When a confluence of events line up to expose an irrefutable but wickedly ugly truth, the phenomenon comes to be known as a perfect storm. Japan's devastating March 11 earthquake, tsunami, nuclear emergency and humanitarian crisis would better be described as a series of ever-worsening perfect storms.
Though few people yet realize it, these events are a clear but frightening glimpse into the future of our world as carbon fuels upon which we have relied for the past two centuries dwindle. These incidents have already exposed the world's energy vulnerability.
The sooner people and policy makers realize it, the faster and more effective we can be at implementing clear-headed, sensible plans for our energy future. No country is anywhere close to being prepared.
The hydrogen explosions and venting of radioactive materials at the Daiichi nuclear power plants at Fukushima, only 150 miles north of Tokyo, already represent the second worst nuclear accident in history, and the situation is becoming increasingly precarious. It remains uncertain that on-site stockpiles of used -- but still highly radioactive -- fuel rods can be stabilized, and further meltdown and venting of radioactive materials seems likely. The full scale of the tragedy at Fukushima has not yet played out, and may not be fully known for months. A massive response will be required to prevent the critical situation at this power plant from becoming much worse, and we can only hope that this response can be mustered to reduce the human suffering that will result.
But the shockwaves of the Daiichi emergency will be felt far beyond Fukushima. They will be experienced throughout the world. Wasn't nuclear power supposed to rescue us from our looming global energy crisis? It had gathered support from a wide swath of society. Energy-hungry industrialists were once again promoting nuclear energy as the only real substitute for a world with declining supplies of oil and natural gas. Many environmentalists, once its fiercest opponents, were lauding the low carbon emissions of nuclear power. Capitalists were beginning to pony up the dough seeing nuclear power, once again, as a sound investment. But what now?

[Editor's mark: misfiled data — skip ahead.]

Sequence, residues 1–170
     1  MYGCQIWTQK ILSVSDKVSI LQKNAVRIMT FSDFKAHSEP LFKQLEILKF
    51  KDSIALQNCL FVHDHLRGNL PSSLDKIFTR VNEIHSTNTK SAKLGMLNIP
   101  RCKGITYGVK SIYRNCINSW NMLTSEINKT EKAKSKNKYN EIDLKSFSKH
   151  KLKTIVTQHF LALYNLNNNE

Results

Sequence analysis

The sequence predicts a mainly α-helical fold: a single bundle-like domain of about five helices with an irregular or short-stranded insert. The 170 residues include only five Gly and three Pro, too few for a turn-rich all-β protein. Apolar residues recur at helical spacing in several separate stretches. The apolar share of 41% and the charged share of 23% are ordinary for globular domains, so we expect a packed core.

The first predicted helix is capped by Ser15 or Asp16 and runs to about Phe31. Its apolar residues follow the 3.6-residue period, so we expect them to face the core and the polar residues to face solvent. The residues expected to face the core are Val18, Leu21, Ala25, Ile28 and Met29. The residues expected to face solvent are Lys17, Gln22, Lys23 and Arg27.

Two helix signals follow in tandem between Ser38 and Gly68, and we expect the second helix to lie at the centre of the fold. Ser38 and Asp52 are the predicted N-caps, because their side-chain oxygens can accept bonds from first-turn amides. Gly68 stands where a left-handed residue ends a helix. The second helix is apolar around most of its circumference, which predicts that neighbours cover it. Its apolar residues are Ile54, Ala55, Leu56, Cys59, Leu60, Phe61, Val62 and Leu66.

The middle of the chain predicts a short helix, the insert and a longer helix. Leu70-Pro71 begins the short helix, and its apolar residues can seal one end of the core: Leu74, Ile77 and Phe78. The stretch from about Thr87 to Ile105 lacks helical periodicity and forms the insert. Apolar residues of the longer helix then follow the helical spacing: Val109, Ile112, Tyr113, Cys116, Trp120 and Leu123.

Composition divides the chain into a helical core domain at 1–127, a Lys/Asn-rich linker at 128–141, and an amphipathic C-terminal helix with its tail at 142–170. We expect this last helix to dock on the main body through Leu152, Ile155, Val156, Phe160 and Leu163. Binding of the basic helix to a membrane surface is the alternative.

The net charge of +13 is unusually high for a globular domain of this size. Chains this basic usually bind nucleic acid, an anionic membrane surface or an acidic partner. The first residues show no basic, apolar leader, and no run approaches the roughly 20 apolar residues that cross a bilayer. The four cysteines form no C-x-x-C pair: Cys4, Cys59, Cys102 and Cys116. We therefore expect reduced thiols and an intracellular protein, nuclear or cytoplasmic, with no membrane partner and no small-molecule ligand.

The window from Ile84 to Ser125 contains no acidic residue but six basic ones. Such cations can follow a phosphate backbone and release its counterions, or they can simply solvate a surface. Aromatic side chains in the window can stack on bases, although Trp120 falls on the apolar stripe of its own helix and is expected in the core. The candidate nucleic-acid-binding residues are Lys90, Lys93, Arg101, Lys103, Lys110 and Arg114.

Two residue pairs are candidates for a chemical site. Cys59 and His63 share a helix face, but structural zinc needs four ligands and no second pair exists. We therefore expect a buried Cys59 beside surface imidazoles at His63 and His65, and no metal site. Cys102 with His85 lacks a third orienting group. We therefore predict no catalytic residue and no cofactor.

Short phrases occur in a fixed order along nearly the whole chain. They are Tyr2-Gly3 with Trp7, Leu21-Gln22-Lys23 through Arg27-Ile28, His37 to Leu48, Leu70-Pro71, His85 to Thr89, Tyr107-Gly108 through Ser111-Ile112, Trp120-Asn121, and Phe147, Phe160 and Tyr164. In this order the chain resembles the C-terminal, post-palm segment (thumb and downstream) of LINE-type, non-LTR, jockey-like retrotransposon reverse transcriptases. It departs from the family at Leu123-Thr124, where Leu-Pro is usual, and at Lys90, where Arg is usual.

Japan has become an instant test case in energy vulnerability. Japan is facing its worst humanitarian crisis since World War II and has been responding in magnificent fashion, but it faces many tough questions in the years ahead. As the world's third-largest economy, Japan has an enormous energy appetite. The island nation has virtually no fossil fuel reserves, and now its nuclear industry is in peril.
The lack of fossil fuel resources led Japan to develop a strong portfolio in alternative energy. Its nuclear industry, until last Friday, generated roughly a quarter of its electricity from 54 nuclear reactors. Although considered a world leader in solar and wind energy, Japan generates only a fraction of one percent of its electricity from renewable resources. What will Japan do to secure energy in the coming decades? It had planned to double its nuclear capacity by 2050, but that goal now seems untenable. Can it replace its nuclear capacity with renewables? That is not feasible. The only other option is to increase its imports of coal, oil and natural gas. But at what cost? With supplies of oil and natural gas peaking, and about to go into decline, this will become increasingly expensive and difficult, while presenting environmental hazards.
The explosions at the Daiichi nuclear power plant warn about a new era of energy vulnerability which threatens Japan's economic recovery. But none of us should look on complacently. We are all in the same boat. The damage faced by the nuclear power industry worldwide should remind us all that we face a looming global energy crisis. With pitiful investments in renewable energy, and the likelihood of renewed vigorous resistance to the development of nuclear power what do we face in life without oil?
Steve Hallett is the author, with John Wright, of Life without Oil: Why We Must Shift to a New Energy Future (March, Prometheus Books.)
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